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“Finally I now Understand What Nouns, Subjects and Verbs are.” (And it took only 30 minutes to learn inductively.)

Is beautiful today.

We the soccer match on TV.

(This posting includes handouts which you are welcome to use with your students.)

Ellie immigrated to the U.S. with limited English skills after she had graduated from college in her country.  As with many ear-learners, she gradually picked up English from talking, listening to the media and reading.  In other words, she had no formal training in English.

Here in the U.S., she has a good job in family counseling, but in order to be promoted, she needs to improve her writing skills, so she enrolled in an adult education class.  Unfortunately, the “direct” approach the instructors took of presenting rules and assigning exercises was not effective for her.  After months of studying, she became frustrated and embarrassed when she couldn’t even identify mistakes with subjects and verbs.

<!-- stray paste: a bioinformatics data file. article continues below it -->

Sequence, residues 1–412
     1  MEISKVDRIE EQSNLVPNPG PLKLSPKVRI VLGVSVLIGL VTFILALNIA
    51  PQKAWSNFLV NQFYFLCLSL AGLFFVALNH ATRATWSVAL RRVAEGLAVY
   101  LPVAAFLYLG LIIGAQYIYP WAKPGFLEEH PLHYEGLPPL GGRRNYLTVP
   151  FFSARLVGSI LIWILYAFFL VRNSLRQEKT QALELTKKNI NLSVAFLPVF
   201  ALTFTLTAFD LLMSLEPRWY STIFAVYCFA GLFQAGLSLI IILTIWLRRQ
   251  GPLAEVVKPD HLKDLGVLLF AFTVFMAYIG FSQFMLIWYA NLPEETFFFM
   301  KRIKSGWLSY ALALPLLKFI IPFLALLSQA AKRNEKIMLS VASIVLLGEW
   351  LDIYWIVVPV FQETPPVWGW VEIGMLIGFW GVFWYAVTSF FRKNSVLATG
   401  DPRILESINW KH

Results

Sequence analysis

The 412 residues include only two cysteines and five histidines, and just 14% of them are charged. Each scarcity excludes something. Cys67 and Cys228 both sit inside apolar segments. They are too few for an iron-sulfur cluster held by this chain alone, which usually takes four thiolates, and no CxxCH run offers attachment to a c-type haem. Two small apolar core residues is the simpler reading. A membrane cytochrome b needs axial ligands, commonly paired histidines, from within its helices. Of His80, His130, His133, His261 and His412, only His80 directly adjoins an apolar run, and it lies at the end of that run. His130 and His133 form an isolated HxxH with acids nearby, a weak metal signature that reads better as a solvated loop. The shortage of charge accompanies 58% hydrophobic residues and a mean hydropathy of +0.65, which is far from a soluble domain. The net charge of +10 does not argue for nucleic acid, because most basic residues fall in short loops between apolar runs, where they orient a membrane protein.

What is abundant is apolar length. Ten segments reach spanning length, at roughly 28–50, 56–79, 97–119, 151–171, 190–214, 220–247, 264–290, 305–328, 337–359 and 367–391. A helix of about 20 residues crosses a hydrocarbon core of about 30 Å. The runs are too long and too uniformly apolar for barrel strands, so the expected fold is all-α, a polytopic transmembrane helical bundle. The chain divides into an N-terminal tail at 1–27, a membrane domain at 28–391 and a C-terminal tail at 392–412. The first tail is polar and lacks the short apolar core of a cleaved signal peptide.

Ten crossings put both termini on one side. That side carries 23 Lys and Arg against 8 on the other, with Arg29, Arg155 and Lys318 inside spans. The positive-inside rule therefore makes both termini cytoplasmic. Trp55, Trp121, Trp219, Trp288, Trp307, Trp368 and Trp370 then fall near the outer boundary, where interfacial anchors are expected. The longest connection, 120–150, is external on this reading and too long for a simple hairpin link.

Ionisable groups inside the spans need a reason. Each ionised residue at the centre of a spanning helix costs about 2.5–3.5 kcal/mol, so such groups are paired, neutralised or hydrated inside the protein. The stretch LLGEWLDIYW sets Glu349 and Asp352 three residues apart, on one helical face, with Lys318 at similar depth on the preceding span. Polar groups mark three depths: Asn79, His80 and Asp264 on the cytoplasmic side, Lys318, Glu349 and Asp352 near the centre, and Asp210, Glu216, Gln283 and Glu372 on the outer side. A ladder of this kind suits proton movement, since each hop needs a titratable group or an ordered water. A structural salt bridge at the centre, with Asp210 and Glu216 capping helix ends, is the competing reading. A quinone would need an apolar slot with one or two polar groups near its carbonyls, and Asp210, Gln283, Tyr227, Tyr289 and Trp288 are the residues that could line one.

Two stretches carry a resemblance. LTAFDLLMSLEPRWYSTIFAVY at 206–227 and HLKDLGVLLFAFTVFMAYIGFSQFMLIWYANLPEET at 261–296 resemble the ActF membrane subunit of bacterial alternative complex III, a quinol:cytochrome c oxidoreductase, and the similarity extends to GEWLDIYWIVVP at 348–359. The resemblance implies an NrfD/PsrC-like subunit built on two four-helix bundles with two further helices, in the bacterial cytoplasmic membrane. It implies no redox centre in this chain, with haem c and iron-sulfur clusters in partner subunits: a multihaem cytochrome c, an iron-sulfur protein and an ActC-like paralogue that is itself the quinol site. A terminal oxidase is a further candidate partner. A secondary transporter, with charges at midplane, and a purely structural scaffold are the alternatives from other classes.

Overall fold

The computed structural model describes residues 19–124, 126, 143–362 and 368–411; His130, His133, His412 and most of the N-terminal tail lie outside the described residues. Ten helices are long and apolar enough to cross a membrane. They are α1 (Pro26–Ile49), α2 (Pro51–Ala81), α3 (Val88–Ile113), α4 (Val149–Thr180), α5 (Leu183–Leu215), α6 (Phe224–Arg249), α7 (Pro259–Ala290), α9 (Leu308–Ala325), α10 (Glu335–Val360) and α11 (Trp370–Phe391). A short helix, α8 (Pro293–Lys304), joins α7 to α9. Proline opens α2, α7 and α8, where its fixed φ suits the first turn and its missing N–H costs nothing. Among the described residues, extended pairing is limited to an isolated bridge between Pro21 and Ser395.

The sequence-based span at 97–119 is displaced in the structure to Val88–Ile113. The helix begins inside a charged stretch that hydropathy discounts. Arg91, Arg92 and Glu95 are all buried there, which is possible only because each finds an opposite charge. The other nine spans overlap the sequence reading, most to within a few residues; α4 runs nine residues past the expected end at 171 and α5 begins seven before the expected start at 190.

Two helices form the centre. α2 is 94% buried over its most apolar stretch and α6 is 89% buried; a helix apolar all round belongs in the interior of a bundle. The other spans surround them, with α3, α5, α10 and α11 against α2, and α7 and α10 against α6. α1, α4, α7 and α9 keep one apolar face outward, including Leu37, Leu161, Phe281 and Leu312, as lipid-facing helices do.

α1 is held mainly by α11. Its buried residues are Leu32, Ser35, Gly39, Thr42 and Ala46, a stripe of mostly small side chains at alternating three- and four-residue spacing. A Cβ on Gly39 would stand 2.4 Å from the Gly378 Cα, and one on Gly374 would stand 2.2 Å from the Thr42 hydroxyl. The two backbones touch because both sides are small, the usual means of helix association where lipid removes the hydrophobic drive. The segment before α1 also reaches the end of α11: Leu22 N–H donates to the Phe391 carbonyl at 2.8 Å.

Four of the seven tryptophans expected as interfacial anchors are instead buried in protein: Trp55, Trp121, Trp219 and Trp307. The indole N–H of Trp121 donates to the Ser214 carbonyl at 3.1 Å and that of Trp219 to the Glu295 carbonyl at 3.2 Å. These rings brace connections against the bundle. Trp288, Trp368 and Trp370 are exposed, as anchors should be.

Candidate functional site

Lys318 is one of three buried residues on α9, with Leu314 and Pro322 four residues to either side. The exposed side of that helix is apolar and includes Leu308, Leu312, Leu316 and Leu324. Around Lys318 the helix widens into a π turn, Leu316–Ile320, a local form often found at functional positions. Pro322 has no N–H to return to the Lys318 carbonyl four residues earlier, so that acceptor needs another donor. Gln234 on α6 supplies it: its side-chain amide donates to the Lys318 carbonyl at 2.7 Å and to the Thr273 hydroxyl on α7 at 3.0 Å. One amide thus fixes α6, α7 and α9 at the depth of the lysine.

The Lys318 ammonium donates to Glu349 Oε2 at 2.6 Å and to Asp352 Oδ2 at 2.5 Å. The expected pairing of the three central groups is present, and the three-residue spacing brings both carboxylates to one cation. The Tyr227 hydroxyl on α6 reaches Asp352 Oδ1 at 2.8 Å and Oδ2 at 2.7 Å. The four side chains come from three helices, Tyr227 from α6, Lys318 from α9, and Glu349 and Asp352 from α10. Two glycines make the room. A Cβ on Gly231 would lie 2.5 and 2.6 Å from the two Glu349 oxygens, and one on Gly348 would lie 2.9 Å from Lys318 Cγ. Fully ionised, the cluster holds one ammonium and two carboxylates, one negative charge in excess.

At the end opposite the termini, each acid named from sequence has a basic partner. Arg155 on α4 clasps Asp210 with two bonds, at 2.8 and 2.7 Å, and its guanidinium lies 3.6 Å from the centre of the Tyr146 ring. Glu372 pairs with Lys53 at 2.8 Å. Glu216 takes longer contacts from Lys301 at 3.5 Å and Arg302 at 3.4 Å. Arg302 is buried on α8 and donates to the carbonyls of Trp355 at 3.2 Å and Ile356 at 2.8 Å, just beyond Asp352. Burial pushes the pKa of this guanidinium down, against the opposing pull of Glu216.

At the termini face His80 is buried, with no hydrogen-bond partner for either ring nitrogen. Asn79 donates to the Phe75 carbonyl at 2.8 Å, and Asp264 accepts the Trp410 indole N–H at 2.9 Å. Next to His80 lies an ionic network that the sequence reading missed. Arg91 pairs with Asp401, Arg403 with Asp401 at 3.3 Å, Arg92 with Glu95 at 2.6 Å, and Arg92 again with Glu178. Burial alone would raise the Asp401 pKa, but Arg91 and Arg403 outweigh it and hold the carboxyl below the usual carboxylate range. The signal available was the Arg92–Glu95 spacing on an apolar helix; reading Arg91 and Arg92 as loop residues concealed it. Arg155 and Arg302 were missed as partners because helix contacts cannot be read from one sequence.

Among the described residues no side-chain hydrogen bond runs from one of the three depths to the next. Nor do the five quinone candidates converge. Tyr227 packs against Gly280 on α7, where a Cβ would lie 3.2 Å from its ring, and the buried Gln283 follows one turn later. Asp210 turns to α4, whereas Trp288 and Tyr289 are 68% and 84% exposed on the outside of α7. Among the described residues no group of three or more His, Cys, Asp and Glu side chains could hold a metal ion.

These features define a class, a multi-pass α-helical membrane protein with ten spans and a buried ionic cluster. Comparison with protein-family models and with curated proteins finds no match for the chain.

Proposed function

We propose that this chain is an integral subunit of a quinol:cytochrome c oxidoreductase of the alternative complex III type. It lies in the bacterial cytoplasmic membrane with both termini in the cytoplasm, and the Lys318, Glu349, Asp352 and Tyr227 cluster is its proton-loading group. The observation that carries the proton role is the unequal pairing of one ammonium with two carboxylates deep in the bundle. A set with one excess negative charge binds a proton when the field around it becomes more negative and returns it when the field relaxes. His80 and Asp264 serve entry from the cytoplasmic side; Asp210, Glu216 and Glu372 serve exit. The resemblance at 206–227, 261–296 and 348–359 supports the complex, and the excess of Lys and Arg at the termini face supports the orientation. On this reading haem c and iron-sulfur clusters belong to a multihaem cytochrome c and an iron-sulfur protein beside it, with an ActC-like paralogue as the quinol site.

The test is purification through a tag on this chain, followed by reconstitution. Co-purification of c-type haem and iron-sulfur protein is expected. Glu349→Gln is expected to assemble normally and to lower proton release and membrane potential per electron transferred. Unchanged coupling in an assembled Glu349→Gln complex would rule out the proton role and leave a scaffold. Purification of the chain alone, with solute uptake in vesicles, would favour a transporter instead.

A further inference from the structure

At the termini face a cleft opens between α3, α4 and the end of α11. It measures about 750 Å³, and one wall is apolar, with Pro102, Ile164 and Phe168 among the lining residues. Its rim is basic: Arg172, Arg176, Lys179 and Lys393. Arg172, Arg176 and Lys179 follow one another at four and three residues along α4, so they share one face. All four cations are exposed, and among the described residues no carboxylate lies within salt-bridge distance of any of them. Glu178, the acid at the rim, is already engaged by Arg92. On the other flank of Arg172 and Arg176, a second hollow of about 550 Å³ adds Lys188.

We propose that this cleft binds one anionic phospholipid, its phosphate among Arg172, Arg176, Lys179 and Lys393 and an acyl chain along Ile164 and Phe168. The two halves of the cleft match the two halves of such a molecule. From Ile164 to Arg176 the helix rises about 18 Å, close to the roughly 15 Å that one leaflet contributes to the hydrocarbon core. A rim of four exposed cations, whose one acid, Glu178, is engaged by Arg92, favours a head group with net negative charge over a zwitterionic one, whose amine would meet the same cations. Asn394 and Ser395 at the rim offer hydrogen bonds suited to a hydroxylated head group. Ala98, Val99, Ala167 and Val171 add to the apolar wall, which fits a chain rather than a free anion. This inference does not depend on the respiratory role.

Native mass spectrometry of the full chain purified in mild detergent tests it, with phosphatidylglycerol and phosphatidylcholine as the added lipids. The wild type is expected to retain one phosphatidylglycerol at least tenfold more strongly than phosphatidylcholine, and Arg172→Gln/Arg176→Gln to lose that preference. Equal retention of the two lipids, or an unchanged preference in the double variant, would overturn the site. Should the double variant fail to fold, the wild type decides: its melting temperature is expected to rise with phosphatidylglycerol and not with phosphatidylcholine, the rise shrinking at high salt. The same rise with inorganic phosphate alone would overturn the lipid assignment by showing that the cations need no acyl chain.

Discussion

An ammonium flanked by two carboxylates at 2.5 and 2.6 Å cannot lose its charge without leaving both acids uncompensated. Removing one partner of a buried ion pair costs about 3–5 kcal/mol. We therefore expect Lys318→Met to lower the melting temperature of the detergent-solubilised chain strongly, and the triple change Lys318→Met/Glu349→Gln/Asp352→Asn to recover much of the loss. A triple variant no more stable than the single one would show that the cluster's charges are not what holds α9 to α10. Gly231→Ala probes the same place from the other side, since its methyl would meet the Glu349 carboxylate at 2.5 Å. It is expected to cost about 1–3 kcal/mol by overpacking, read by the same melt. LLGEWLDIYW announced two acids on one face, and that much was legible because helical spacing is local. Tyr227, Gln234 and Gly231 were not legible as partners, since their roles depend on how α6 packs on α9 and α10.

When she entered my academic ESL class, she demonstrated an advanced style of writing and vocabulary but had some breakdowns with basic grammar and struggled to fix these.  For example, she once started a paragraph with this sentence:

            People are social beings who has a need to be connected to other beings.

To help her edit her paragraph, I told her that there was a verb mistake in the first sentence.  She looked embarrassed and uncomfortable and after about 20 seconds of starring at the paper asked me to remind her of what a verb was.  In her next two sentences, she wrote:

            Individuals cannot be isolated for too long.  Through our brains, have the ability to connect with other’s emotions and develop empathy.

I pointed out that in the last sentence, she was missing a subject.  Again, with a pained look on her face she said she couldn’t remember was subjects were.